--> Abstract: Petroleum Exploration: Pre-Drake Well, by W. R. Brice; #90930 (1998).

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Abstract: Petroleum Exploration: Pre-Drake Well

University of Pittsburgh at Johnstown, Johnstown, PA 15904 ([email protected])

As a modern industry, the world of petroleum started with Colonel Drake's efforts in Pennsylvania in 1859, but that is far from the first exploitation of petroleum. Almost from the dawn of human civilization, we have used this natural organic substance in one form or another. When archeologists excavated the ruins at Ur, dating back some 5000 yrs, they discovered asphalt had been used as a building material. Then the substance was called "naptha" according to inscriptions on 4000 yr old Cuneiform tablets. These same tablets describe the ancient industry situation which sounds as though it was written only yesterday; namely complaints about short supply, pricing difficulties, and trade contracts. Other famous cities had petroleum among their building materials, e.g., Jericho and Babylon. Even Moses' basket was said to have been sealed with "pitch"; without petroleum he might not have been able to stay afloat long enough to be found by the pharaoh's wife. Earlier, Noah probably used this same "pitch" to stop leaks in the Ark.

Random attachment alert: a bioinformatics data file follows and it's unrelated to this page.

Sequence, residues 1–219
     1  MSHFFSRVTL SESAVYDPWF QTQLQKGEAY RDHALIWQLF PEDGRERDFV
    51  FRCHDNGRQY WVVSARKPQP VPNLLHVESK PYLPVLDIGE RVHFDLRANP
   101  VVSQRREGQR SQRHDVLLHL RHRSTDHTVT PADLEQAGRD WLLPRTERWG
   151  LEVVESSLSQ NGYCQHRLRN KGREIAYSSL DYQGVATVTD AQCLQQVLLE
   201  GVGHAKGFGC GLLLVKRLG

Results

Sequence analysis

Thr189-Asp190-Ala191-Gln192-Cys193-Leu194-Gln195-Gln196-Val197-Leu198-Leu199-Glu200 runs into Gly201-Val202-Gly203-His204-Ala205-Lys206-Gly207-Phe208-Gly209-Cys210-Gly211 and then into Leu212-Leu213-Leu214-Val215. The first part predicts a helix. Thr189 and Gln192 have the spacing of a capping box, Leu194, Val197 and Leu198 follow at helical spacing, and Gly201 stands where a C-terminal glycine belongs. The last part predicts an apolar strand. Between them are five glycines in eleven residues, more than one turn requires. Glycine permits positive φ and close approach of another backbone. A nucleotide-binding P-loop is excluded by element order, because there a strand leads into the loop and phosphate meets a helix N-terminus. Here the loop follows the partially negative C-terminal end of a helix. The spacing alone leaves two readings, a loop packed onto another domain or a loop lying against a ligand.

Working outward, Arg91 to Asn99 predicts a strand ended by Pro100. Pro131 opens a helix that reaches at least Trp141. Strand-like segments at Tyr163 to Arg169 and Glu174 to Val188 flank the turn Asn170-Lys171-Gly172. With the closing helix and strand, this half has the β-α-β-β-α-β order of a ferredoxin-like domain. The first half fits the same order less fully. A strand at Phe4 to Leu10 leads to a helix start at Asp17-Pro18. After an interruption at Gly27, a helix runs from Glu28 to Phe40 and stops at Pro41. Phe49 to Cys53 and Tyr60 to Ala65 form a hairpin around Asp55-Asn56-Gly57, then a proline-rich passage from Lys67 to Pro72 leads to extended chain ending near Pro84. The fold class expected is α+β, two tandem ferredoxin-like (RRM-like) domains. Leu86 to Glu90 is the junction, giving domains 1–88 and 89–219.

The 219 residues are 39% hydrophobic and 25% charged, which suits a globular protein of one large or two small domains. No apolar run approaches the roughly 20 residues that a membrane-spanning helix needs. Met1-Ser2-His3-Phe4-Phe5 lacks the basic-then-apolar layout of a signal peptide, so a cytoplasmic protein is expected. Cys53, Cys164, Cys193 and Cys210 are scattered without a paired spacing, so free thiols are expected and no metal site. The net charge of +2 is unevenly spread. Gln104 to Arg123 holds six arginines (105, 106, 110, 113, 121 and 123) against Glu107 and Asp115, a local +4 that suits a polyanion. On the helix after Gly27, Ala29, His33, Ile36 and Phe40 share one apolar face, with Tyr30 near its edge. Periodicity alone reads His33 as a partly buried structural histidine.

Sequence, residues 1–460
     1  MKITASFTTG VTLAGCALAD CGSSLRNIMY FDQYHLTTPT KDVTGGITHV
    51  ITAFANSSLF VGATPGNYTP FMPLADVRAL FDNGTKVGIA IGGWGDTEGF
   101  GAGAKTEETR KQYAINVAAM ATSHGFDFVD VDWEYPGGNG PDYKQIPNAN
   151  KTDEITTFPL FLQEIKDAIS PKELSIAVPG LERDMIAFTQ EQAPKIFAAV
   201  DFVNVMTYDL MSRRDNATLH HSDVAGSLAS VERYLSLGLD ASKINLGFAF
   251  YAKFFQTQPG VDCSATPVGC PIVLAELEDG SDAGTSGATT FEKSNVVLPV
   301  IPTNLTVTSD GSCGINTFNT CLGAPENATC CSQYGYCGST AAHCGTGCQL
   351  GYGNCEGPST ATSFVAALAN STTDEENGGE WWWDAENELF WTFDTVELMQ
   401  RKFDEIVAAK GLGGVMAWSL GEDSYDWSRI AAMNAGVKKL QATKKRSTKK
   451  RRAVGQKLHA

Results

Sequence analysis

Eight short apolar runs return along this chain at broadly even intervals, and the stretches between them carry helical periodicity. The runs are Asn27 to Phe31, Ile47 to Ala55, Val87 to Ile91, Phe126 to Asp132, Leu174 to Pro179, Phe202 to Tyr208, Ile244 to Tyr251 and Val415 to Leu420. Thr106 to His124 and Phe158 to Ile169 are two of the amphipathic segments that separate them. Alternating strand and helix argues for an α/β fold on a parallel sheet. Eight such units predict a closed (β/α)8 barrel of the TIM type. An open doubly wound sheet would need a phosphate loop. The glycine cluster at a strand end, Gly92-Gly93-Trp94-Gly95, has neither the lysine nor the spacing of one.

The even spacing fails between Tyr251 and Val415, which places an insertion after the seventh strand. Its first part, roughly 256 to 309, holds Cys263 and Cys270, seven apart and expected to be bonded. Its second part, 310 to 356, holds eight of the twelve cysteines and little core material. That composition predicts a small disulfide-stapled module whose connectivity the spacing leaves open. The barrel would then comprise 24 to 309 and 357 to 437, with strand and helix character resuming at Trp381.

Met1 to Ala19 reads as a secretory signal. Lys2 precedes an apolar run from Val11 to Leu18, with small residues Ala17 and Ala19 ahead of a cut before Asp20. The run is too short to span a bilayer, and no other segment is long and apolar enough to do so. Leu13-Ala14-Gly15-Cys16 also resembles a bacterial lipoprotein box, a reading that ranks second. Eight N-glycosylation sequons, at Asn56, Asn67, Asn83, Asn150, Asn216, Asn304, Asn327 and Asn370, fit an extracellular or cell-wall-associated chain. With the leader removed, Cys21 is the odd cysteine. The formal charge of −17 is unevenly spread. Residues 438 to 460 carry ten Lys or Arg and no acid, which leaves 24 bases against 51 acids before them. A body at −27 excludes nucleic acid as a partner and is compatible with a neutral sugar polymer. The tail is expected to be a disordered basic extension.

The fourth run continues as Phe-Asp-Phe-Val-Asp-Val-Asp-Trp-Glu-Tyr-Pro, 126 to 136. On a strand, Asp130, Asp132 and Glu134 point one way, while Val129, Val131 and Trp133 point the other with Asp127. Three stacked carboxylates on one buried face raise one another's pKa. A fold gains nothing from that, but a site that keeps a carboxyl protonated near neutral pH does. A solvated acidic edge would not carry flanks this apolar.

In Greek and roman literature there are numerous references to petroleum, but most are not concerned with the commercial; e.g., noisey natural gas seeps were, "...the father of sound, where the voice of the gods issueth from the rocks." At Baku are some of the most spectacular natural oil and gas flows in the world, and they have been exploited in one form or another for at least 2500 yrs; "the everlasting fires of Persia." By the middle of the first millennium, petroleum had even become a weapon of war, the famous "Greek Fire" used to defend the Byzantine Empire around 700 AD was probably burning oil.

In the United States, gas wells were drilled in California in 1858, and also in 1858, J. H. Williams of Hamilton, Ontario started a still to treat petroleum obtained from natural seeps, and he dug (not drilled) a well 100 ft to increase the supply of seep-oil; again, one yr before Col. Drake drilled his well and his company went into production.

AAPG Search and Discovery Article #90930©1998 AAPG Eastern Section, Columbus, Ohio